Astronomy Picture Of the Day (APOD)The Very Large Array Turns Twenty
The most photogenic array of radio telescopes in the world has also been one of the most productive. Each of the 27 radio telescopes in the Very Large Array (VLA) is the size of a house and can be moved on train tracks.
Olympus Mons Volcano on Mars
Scroll right to virtually climb the largest volcano in the Solar System. Olympus Mons on Mars measures three times higher than Earth's highest mountain, and has a volume over fifty times greater than Earth's largest volcano. The caldera at the top is over 70 kilometers wide.
Skylab Over Earth
Skylab was an orbiting laboratory launched by a Saturn V rocket in May 1973. Skylab was visited three times by NASA astronauts who sometimes stayed as long as two and a half months. Many scientific tests were performed on Skylab, including astronomical observations in ultraviolet and X-ray light.
M51: The Center Of The Whirlpool
In the center of M51, a spiral galaxy 23 million light-years away, astronomers have identified a dense region of young stars. Viewed face-on in the constellation Canes Venatici, the swirling arcs of this galaxy's spiral arms have inspired its popular name, The Whirlpool Galaxy.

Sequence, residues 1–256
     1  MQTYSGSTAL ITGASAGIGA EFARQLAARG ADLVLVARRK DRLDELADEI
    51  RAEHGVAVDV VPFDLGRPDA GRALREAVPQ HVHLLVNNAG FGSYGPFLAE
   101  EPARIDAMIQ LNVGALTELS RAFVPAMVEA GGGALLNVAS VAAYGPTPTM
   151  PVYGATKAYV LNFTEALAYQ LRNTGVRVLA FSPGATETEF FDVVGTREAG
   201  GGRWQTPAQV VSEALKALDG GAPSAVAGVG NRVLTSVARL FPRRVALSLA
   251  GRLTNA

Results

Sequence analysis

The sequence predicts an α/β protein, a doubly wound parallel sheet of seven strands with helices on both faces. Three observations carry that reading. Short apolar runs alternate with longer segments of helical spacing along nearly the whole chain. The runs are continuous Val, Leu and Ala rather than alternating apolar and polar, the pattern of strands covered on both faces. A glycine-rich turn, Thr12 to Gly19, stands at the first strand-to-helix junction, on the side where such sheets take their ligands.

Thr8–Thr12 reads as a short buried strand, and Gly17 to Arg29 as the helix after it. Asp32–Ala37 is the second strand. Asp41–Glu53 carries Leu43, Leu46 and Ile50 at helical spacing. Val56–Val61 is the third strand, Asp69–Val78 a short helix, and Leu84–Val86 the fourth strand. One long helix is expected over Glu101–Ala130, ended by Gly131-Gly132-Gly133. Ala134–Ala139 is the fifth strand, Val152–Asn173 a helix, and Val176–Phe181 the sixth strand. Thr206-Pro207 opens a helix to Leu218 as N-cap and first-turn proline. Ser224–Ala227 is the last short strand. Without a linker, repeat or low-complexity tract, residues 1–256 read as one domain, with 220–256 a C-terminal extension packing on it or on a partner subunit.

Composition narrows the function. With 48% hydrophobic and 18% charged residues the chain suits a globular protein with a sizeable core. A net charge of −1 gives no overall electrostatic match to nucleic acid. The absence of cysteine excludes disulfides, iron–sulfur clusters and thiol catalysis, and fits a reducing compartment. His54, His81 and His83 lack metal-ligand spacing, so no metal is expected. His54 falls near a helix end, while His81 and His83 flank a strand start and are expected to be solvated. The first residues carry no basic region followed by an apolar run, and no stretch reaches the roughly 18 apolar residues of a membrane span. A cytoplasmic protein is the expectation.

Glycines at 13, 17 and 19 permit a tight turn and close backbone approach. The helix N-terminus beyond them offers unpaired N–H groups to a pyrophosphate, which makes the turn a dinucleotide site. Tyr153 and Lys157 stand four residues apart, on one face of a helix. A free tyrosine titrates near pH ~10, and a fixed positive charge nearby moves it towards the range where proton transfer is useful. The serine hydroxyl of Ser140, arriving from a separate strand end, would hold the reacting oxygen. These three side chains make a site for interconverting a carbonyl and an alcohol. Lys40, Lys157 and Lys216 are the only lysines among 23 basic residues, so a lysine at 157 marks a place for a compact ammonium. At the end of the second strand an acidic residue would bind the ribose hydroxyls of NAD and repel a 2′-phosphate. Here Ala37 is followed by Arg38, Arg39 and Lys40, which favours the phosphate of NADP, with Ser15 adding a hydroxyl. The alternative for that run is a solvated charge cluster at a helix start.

Nearly 400 years ago astronomer Johannes Kepler observed comet tails blown by a solar breeze and suggested that vessels might likewise navigate through space using appropriately fashioned sails. It is now widely recognized that...
Eros Horizon View
Since April 30, the robotic NEAR-Shoemaker spacecraft has been orbiting only 31 miles from asteroid Eros. Cruising over the asteroid's north and south poles at a leisurely 7 miles per hour, the spacecraft completes an orbit once every 1.2 earth days. This dramatic horizon view
Pleiades, Planets, And Hot Plasma
Bright stars of the Pleiades, four planets, and erupting solar plasma are all captured in this spectacular image from the space-based SOlar and Heliospheric Observatory (SOHO). In the foreground of the 15 degree wide field of view, a bubble of hot plasma, called a Coronal Mass Ejection (CME)
M4: The Closest Known Globular Cluster
M4 is a globular cluster visible in dark skies about one degree west of the bright star Antares in the constellation Scorpius. M4 is perhaps the closest globular cluster at 7000 light years, meaning that we see M4 only as it was 7000 years ago, near the dawn of recorded human history.
Light Bridges on the Sun
Bridges the length of a planet can form on the Sun in a matter of hours. Known as light bridges, these structures may form as large sunspot groups decay. Above, one of the sharpest photographs of the Sun ever taken shows two such light bridges that appeared late last month.
Antares and Rho Ophiuchi
Why is the sky near Antares and Rho Ophiuchi so colorful? The colors result from a mixture of objects and processes. Fine dust illuminated from the front by starlight produces blue reflection nebulae. Gaseous clouds whose atoms are excited by ultraviolet starlight produce reddish emission nebulae. Backlit dust clouds block starlight and so appear dark.